“That I might chisel a statue, line on line,
Out of a marble’s chaste severities!
Angular, harsh; no softened curves to please;
Set tears within the eyes to make them shine,”
-from “The Statue” by Ella Higginson
Sculptors from the ancient era to the present day have used cool, clean marble to give corporeal forms to the inhabitants of their imagination. Artists in the ancient world were the first to note its malleability and the beautiful translucence. The peoples of Mesopotamia crafted rudimentary figures of animals out of marble while the Egyptians used it to create stylized figures of their rulers, deities, and totemic guardians for their sacred places.
Today, marble use is more commonplace. Building contractors use it for the floors of banks and offices while franchise opportunities that provide home services use it to put a touch of old-world class in kitchens and homes. Marble crafting has come a long way from the time of the Egyptians. But no discussion of marble work would be complete without mentioning the civilization whose sculptures epitomized the perfection of marble: the Ancient Greeks.
The Marvelous Marbles of the Hellenics
The Ancient Greeks began sculpting as a form of art around 800 BCE. These early sculptures were usually made of bronze, clay, or ivory. Wood was also undoubtedly a popular sculpting material, but its less-than-durable nature means that few of these early sculptures survive. Egyptian art inspired the first stone statues that the Greeks carved. These limestone statues stood or sat rigidly, like their counterparts that littered the lands around the Nile.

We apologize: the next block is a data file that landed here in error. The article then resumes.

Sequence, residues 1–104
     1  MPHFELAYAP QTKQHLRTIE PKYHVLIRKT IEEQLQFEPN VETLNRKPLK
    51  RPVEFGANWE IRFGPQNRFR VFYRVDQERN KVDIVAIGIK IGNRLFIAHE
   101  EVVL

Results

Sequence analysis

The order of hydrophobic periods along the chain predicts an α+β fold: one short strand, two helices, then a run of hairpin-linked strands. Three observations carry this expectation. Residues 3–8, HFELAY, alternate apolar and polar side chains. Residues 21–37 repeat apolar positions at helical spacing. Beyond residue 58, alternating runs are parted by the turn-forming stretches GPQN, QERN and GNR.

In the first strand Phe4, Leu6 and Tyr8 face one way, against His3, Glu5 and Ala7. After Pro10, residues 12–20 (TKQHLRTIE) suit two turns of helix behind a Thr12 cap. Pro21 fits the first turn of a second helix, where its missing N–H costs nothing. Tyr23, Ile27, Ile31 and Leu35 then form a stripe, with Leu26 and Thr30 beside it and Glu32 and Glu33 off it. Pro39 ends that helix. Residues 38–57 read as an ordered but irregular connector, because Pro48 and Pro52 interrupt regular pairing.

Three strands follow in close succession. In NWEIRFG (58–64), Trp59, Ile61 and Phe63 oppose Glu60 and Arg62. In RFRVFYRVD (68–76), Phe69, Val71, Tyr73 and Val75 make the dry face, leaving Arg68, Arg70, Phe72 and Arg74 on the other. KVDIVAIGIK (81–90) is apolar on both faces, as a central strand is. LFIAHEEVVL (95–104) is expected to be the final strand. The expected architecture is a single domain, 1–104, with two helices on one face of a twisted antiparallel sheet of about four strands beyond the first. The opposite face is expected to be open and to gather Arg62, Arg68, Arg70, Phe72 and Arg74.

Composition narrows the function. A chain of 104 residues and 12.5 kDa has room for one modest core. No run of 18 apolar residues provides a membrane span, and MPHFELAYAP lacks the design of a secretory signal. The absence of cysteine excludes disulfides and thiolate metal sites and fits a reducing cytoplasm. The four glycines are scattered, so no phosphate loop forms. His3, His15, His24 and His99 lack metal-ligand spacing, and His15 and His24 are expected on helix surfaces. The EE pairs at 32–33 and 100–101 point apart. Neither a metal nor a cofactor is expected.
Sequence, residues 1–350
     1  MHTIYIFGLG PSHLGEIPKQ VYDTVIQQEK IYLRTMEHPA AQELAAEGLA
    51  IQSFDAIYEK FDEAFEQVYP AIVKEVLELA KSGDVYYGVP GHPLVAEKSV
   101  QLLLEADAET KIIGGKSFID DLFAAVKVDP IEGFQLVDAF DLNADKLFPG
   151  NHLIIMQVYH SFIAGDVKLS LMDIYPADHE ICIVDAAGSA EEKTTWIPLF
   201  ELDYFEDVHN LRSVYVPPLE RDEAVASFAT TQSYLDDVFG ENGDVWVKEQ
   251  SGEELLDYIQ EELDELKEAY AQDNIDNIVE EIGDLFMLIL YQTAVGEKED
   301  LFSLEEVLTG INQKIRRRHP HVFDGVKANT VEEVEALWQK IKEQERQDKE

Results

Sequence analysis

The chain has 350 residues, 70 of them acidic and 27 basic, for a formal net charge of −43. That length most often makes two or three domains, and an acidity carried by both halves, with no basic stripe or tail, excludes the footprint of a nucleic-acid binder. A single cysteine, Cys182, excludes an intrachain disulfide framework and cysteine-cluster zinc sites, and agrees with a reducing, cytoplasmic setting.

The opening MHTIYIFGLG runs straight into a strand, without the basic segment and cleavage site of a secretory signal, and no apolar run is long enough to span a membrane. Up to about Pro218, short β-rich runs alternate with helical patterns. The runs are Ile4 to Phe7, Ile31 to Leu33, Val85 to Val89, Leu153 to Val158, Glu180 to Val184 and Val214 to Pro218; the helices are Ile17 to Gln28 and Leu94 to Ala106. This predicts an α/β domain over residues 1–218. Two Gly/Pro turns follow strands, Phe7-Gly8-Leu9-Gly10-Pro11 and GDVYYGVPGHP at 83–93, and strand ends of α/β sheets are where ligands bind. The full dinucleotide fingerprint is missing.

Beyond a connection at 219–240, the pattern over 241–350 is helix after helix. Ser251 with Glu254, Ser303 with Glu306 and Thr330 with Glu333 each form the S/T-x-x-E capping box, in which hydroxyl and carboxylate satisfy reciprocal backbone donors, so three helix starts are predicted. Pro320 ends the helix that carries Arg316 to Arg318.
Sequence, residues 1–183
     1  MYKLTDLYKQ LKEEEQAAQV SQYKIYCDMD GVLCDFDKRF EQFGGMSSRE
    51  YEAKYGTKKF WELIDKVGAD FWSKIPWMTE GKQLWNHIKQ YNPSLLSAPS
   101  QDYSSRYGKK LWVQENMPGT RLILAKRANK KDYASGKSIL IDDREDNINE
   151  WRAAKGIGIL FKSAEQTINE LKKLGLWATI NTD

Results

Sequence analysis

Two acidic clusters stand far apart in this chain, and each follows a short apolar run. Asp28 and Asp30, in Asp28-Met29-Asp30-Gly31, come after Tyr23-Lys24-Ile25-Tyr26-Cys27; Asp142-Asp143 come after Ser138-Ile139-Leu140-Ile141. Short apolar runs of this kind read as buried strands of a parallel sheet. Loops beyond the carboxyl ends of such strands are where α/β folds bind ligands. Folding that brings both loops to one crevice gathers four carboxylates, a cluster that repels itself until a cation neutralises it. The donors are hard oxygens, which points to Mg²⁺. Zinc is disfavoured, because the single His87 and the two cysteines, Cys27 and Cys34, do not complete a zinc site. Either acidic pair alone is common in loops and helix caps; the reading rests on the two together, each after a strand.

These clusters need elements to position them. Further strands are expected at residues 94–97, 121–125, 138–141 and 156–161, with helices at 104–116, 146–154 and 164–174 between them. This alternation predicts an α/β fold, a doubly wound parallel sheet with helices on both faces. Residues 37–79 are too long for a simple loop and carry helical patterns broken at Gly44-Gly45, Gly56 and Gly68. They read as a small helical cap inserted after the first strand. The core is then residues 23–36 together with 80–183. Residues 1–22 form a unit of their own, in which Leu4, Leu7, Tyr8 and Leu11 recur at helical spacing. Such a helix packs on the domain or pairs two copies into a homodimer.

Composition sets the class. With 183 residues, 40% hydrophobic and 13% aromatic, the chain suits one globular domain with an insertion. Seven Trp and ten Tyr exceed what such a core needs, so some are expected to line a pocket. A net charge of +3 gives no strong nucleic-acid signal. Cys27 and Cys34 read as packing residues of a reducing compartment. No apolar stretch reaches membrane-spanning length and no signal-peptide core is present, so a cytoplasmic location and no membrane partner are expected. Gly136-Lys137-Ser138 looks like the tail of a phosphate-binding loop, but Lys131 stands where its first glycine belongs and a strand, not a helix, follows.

But the true golden age of Ancient Greek statuary came around the time of the Classical Era, which occurred around 500-400 BCE. During this era, Greek sculptors began to use marble in their projects. Marble’s unique properties, coupled with advanced tools, allowed the Greeks to break free from the rigidity of Egyptian statuary.
Their statues became increasingly lifelike. Some focused on the roundness of the human anatomy, like the Venus de Milo. Others captured the tortured strain of muscle and flesh in agony, like the statue depicting the demise of Laocoon and his offspring. The Greeks even began to increase the sophistication of how they carved the clothes on these statues. They added touches that made them seem wet or chiseled them so that their clothes fell in natural-looking drapes and folds.
While sculptures we see now are generally intact, thanks to the durability of marble, they actually hide a crucial aspect of Greek culture.
The Hidden Facet
When people picture an ancient Greek city, some of them will envision communities with white marble facades and graceful statues of pale stone. This is the wrong imagery. Time has scrubbed away an important aspect of these statues: their color. Because the first intact Greek sculptures weren’t discovered until the Renaissance, the centuries had leached away the bright pigments the Greeks used to adorn their statues.
A German archeologist used sophisticated devices such as ultraviolet cameras and high-intensity lamps to tease out the colors of these pallid statues. According to his findings, Greek statuary wasn’t an endless parade of dull pale people, but rather a colorful clash of garish colors. This discovery highlights how much of the past modern people are picturing wrong. Fortunately, archeologists are now working tirelessly to give people a complete and accurate depiction of the glory that was Ancient Greece.